This our time to reclaim the American dream: Barack Obama (Lead)November 5th, 2008 - 1:09 pm ICT by IANS
Chicago, Nov 5 (IANS) It had been a long time in coming but change had come to America, Barack Obama, the man who would be the first African American president in the White House, said Wednesday after his historic landslide victory to tens of thousands of wildly cheering crowds.In a midnight speech laden with significance and emotion, Obama said: “It’s been a long time coming but tonight, because of what we did on this day, in this election, change has come to America.”
“Americans had sent a message to the world,” the United States’ president elect said soon after his Republican rival John McCain conceded defeat.
“If there is anyone out there that still doubts that America is a place where all things are possible; who still wonders if the dream of our founders is alive in our time; who who still questions the power of our democracy, tonight is your answer,” he began by telling the crowd of 125,000 people at the Grant Park.
He said it was the answer told “by lines that stretched around schools and churches in numbers this nation has never seen, by people who waited three hours and four hours, many for the very first time in their lives, because they believed that this time must be different; that their voice could be that difference”.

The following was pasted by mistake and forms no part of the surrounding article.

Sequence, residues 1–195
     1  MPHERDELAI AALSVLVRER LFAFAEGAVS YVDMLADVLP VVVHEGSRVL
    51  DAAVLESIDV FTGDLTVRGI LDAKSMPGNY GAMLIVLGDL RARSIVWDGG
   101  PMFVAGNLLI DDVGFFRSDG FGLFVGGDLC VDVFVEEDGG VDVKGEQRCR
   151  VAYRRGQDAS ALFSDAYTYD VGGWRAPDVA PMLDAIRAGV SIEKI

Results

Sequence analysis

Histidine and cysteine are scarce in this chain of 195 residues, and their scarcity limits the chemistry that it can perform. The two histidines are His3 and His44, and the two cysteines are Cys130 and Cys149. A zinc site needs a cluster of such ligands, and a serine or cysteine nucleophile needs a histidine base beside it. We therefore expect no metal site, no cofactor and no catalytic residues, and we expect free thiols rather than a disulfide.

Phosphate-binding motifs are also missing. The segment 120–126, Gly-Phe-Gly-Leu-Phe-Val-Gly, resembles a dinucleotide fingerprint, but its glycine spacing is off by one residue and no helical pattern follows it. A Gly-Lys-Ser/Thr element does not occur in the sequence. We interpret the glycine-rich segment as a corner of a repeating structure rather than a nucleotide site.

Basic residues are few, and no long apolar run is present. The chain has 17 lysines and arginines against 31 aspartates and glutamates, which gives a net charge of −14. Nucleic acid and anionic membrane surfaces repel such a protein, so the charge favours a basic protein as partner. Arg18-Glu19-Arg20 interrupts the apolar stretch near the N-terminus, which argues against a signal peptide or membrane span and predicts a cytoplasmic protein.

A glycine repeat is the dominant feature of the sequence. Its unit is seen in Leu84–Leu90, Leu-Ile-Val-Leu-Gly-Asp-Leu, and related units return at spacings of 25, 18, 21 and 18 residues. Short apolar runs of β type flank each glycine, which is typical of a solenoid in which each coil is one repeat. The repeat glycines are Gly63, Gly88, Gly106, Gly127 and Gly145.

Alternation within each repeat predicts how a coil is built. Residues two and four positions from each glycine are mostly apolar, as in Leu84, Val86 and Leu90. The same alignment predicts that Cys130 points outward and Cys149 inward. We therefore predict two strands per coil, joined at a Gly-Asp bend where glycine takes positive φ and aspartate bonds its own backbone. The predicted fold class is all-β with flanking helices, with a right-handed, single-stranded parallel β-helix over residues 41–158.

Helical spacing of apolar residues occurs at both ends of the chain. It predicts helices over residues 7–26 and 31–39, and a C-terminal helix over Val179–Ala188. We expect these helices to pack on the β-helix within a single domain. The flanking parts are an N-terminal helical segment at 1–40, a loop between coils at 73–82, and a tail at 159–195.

It was the answer, he said, spoken by the young and old, rich and poor, black, white, Hispanic, Asian, Democrats and Republicans… “Americans who sent a message to the world that we have never been a collection of red states and blue states; we are, and always will be, the United States of America”.
Sending his message out to the world, Obama, who described himself as “never the likeliest candidate for this office”, said: “This is our moment. This is our time - to put our people back to work and open doors of opportunity for our kids… to reclaim the American dream.”
Declaring that “the new dawn of American leadership is at hand”, he said Americans had proved once more that the “true strength of our nation comes not from the might of our arms or the scale of our wealth, but from the enduring power of our ideals - democracy, liberty, opportunity and unyielding hope”.
A little bit earlier in the evening, Obama said, he got an “extraordinarily gracious call” from his Republican rival Senator John McCain. Paying a tribute to McCain, who conceded defeat, Obama said he had “fought long and hard for this campaign, for this country”.
Standing on an open stage with flags waving behind him and an ocean of people in front, Obama said he looked forward to working with McCain and his running mate Sarah Palin to “renew this nation’s promise in the months ahead”.
He also thanked vice president elect Joe Biden, his partner in this journey.
Injecting a personal note, Obama said he would not be where he was without the “unyielding support” of his best friend, the United States’ next First Lady Michelle Obama. To his daughters Sasha and Malia, he said: “I love you both so much, and you have earned the new puppy that’s coming with us to the White House.” The entire family was present on the podium.
He talked about his grandmother, who passed away Monday. “And while she’s no longer with us, I know my grandmother is watching along with the family that made me who I am…”
“But above all, I will never forget who this victory truly belongs to - it belongs to you.”
The road ahead, said Obama, would be long. “Our climb will be steep. We may not get there in one year or even one term, but America - I have never been more hopeful than I am tonight that we will get there. I promise you - we as a people will get there.”